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Property Loans Alert: UK Inflation Is Still Going Up, So Interest Rates May Follow This Week


Inflation is building again as the UK's dominant service sector begins to recover a little too much confidence.

This is good news for office landlords — whose tenant base is in increasingly fine form — but the likely consequence is that property borrowers face even steeper interest rates following this week's Bank of England Monetary Policy Committee meeting.

The Bank of England Monetary Policy Committee meets on Thursday 11 May. At its last meeting in March 2023 it pushed interest rates up to 4.25%, and the expectation among analysts is that rates will rise again to 4.5% this week, before plateauing and perhaps falling in 2024.

The hints that inflation is picking up speed, rather than declining, come in the latest S&P Global/Chartered Institute of Procurement and Supply monthly procurement managers index. Data from the same source showed that inflation in the construction sector is even more pronounced.

The latest predicted rate rise comes as landlords face a squeeze between higher loan servicing costs and write-downs on asset value, a combination already causing serious headaches. Last week it emerged that investments like Birmingham's 698K SF Mailbox complex, owned by Mailbox REIT, fell into technical loan default on 20 April after the loan-to-value ratio landed above 60%.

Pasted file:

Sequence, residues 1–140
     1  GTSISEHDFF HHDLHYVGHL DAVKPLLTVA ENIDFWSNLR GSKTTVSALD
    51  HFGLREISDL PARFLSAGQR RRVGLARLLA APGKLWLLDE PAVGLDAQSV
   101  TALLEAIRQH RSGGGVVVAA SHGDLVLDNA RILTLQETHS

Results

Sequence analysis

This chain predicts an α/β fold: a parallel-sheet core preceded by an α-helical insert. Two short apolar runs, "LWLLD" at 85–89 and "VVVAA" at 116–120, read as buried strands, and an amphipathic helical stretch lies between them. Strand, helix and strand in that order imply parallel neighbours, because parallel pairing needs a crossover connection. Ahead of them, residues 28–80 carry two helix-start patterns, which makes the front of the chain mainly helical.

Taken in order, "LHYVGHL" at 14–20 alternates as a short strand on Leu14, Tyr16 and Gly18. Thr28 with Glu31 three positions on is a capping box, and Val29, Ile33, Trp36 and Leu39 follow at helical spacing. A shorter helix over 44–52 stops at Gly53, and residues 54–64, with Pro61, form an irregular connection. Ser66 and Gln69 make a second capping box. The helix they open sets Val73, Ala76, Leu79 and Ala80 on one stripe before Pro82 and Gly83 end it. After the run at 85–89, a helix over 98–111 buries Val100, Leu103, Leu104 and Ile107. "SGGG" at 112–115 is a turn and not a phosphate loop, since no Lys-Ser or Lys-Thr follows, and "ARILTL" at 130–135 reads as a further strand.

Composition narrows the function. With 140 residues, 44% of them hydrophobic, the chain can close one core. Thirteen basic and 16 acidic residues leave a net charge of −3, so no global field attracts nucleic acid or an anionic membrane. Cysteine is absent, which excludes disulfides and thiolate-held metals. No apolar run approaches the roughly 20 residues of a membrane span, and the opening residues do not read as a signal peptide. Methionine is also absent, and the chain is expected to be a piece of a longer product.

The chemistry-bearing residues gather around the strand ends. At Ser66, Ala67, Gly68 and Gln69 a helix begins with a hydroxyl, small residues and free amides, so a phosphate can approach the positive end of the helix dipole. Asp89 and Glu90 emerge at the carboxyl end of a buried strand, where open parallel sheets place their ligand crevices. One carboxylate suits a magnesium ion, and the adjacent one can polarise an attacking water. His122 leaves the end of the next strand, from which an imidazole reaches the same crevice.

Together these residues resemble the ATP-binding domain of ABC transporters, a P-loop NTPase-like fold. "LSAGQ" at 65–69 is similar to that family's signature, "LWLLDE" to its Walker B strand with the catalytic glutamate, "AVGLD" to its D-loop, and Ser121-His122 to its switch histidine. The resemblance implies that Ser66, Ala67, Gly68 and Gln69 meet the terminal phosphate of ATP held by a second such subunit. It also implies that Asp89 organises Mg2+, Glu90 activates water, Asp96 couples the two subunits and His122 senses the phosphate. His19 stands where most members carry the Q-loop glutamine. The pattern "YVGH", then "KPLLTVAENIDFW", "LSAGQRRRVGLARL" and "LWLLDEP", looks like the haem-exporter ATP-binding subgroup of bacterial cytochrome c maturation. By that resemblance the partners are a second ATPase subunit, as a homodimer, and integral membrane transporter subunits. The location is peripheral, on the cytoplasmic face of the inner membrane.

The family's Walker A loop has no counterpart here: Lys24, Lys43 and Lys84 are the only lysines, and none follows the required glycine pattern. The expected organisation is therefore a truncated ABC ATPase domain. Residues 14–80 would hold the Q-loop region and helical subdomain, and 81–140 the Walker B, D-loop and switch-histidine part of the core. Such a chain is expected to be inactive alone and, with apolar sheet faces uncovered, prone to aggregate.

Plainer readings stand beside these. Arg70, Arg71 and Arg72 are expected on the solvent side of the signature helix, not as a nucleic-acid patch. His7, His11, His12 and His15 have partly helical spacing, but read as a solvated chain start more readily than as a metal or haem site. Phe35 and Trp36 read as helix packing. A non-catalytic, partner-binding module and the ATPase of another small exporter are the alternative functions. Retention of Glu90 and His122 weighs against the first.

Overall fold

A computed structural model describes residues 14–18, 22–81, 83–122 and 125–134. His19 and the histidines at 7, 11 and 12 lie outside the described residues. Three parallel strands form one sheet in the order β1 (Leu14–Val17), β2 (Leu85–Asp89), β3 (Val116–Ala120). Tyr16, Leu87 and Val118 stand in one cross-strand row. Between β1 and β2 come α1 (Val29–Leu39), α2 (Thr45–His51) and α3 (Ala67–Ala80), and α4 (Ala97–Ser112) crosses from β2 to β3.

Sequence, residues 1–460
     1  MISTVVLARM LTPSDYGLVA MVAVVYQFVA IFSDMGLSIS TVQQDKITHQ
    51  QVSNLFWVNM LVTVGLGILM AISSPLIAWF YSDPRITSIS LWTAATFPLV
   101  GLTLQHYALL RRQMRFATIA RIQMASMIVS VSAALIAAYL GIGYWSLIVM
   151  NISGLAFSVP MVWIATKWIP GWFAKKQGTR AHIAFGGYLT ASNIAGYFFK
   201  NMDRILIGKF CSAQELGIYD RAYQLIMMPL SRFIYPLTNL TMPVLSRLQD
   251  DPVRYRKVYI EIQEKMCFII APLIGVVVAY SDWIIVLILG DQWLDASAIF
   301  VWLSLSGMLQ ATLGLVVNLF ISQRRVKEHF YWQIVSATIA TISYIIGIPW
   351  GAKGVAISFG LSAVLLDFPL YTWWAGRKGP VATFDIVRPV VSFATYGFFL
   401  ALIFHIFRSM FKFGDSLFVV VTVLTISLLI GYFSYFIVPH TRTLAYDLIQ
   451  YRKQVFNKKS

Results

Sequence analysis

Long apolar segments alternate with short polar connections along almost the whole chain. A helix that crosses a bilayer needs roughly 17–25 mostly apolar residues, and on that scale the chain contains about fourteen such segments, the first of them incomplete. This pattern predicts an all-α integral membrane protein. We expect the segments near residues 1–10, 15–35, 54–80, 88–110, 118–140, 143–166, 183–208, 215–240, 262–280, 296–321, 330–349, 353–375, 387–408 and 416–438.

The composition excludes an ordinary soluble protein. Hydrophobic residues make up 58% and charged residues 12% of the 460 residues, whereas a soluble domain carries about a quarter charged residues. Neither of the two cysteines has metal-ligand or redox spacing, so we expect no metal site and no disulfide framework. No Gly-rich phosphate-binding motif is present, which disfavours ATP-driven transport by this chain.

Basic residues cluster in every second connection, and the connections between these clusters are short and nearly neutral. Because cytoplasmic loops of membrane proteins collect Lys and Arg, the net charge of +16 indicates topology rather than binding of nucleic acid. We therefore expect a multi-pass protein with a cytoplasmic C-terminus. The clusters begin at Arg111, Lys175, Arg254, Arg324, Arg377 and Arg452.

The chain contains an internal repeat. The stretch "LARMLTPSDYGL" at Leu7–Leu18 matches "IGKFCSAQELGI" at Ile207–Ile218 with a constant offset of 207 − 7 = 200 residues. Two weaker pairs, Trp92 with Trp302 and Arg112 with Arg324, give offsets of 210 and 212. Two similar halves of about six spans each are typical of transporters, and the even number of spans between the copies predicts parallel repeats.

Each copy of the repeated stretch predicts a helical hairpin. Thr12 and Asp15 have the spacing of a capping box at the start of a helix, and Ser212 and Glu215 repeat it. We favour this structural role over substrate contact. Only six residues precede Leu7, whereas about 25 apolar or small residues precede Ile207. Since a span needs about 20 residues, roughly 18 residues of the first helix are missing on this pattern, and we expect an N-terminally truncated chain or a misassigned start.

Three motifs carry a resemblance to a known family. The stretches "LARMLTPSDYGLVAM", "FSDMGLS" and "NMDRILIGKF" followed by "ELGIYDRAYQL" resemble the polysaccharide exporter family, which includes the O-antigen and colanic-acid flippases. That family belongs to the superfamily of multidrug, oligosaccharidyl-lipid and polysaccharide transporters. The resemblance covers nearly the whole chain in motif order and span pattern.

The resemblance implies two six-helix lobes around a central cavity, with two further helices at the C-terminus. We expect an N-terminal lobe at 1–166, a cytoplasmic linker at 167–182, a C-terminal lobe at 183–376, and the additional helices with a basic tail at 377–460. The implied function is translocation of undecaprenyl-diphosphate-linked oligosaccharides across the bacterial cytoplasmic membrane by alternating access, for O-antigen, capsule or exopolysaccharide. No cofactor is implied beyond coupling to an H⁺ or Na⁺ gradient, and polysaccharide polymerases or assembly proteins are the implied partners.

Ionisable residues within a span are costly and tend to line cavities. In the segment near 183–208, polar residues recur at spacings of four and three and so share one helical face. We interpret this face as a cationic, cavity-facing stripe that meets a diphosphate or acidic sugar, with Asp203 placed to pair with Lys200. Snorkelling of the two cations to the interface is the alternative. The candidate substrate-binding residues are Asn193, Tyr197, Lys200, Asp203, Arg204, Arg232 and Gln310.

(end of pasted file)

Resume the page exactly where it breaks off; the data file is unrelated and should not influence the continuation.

Inflation may have reignited in the UK, fanned into life by the economy's springtime revival giving businesses the confidence to pass on higher costs to customers.

The PMI index showed rapid growth in activity, but an equally rapid growth in prices.

At 55.9 in April, up from 52.9 in March, the headline seasonally adjusted activity index signalled a strong rise in output levels across the service economy, the report said. The headline index has now registered above the neutral 50.0 value for three months running and the latest reading pointed to the fastest rate of growth since April 2022, the report said.

However, the report added that around 48% of the survey panel reported a rise in input costs, while only 3% signalled a fall, and the overall rate of input price inflation accelerated for the first time since November 2022.

Anecdotal evidence suggested that wage pressures remained the main factor leading to higher prices charged, the report's authors said. 

The PMI data suggested that recessionary fears were overplayed, but that inflationary fears may have been consigned to history a little too quickly.

Construction PMI data, released last week, suggested rising volumes of work in the commercial property sector, offset by continued steep decline in residential activity. 

At 51.1 in April, the headline seasonally adjusted S&P Global/CIPS UK Construction Purchasing Managers’ Index was up very slightly from 50.7 in March and above the neutral 50.0 value for the third month in a row.